US soldiers watch Trump give a speech in Iraq at US airbase.

US President Donald Trump delivers remarks to US troops in an unannounced visit to Al Asad Air Base, Iraq, Dec. 26, 2018. 

Credit:

Jonathan Ernst/Reuters

President Donald Trump made a surprise Christmas visit to US troops in Iraq on Wednesday, his first trip to a conflict zone nearly two years into his presidency and days after announcing a pullout of American troops from Syria.

Air Force One touched down at the Al Asad Air Base west of Baghdad after an overnight flight from Washington with first lady Melania Trump, a small group of aides and Secret Service agents, and a pool of reporters. He was expected to stay for around three hours.

Trump has drawn fire from some in the US military for not having visited US troops in conflict zones since taking office in January 2017, particularly after he canceled a trip to a World War I cemetery in France last month due to rain.

While there has been no full-scale violence in Iraq since ISIS suffered a series of defeats last year, US troops train and advise Iraqi forces still waging a campaign against the militant group.

On his way home from Iraq, he will also stop to visit troops at Ramstein Air Base in Germany.

Trump was looking for some positive headlines after days of turmoil over his decisions to withdraw all US troops from Syria, pull out half of the 14,000-strong contingent in Afghanistan, and push out Defense Secretary James Mattis two months earlier than planned for criticizing his policies.

Related: Defense chief Mattis resigns after clashing with Trump on policies

Many Republican and Democratic lawmakers have heaped scorn on Trump for his sudden order last week to withdraw from Syria.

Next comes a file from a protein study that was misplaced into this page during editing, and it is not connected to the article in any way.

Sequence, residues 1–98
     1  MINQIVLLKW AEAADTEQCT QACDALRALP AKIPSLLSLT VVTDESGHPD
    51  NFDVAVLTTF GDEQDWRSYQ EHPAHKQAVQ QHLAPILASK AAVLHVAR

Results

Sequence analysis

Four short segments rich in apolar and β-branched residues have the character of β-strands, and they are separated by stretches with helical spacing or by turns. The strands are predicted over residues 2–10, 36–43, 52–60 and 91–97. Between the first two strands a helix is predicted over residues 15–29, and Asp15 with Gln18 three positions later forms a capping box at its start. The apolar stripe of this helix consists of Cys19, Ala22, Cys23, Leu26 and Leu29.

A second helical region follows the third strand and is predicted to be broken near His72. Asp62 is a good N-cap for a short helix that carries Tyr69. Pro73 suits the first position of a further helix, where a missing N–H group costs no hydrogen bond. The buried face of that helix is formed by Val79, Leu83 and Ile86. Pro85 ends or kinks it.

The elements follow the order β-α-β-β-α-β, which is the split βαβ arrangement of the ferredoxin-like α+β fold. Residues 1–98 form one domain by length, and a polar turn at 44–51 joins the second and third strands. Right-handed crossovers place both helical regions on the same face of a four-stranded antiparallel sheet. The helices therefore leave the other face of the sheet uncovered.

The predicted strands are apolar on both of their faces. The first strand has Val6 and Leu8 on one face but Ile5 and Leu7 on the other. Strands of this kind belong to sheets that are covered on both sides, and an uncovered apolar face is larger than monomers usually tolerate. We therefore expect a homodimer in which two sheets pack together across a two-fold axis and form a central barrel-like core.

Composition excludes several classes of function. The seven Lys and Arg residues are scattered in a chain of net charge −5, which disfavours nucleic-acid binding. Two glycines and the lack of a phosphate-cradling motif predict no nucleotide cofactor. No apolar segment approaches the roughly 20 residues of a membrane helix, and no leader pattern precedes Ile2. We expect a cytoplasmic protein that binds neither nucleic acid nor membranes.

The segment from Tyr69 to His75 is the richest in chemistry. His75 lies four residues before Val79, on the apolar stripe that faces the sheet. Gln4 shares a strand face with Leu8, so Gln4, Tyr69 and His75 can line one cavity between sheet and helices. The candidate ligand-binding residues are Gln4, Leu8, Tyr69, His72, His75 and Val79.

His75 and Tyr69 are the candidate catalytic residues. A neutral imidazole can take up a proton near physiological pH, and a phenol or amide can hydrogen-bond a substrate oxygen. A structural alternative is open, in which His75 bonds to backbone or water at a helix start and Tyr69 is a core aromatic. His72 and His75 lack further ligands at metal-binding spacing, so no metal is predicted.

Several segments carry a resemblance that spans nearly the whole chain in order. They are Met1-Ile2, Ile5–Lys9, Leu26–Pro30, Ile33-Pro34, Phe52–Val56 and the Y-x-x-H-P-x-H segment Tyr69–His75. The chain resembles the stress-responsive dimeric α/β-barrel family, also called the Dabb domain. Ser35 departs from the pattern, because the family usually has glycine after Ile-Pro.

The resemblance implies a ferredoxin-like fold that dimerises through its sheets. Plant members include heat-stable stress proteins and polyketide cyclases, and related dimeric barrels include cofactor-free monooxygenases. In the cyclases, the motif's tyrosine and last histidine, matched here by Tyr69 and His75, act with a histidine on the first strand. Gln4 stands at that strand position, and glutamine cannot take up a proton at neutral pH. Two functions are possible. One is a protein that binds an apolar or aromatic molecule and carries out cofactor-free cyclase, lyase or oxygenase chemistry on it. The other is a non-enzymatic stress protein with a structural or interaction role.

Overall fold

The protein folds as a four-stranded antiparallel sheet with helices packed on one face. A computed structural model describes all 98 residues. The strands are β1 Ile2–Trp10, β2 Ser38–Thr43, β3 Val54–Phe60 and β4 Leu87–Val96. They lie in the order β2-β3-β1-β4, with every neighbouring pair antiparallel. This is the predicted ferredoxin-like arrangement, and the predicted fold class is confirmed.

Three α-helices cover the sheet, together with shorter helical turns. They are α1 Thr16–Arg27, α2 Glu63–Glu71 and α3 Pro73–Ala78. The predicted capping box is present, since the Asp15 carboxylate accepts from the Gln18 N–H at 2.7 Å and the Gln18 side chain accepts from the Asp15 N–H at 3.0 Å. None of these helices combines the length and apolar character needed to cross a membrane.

On his stop in Iraq, he defended his decision to pull out the 2,000 troops from Syria, which he has said was made possible by the defeat of ISIS militants.

His critics have said that fight is far from over and the withdrawal leaves allies in the lurch.

One of those critics was Mattis, who said in a candid resignation letter last week that his views did not align with the president's, particularly in regard to the treatment of US allies. Mattis had planned to leave at the end of February but Trump forced him to go on Jan. 1 after his resignation letter.

Related: Mattis letter points to 'weakest aspects' of Trump's foreign policy

Trump has also faced negative headlines for wanting to pull troops from Afghanistan where they have been since 2001. Trump has questioned how long troops there should have to remain in what has become America's longest war.

Trump's unannounced visit to Iraq followed in the footsteps of two of his predecessors, Republican George W. Bush and Democrat Barack Obama, who both made surprise trips to see troops.

The US military says it has about 5,200 troops in Iraq, focused on training and advising Iraqi troops to ensure that ISIS does not re-emerge.

NATO defense ministers agreed in February to a bigger "train-and-advise" mission in Iraq after the US called for the alliance to help stabilize the country after three years of war against ISIS. 

Related: Turkey to delay Syria operation as ISIS mounts attack

Trump has had an uneven relationship with America's military. He did not have to serve during the Vietnam War after being diagnosed with bone spurs in his heels.

As president-elect, Trump was drawn to the brawn of the armed forces and stacked his first Cabinet with generals, many of whom have since left his administration.

Trump has also wanted to end protracted US involvement in overseas conflicts and to force allies to pay more for the costs that he says fall disproportionately on American taxpayers.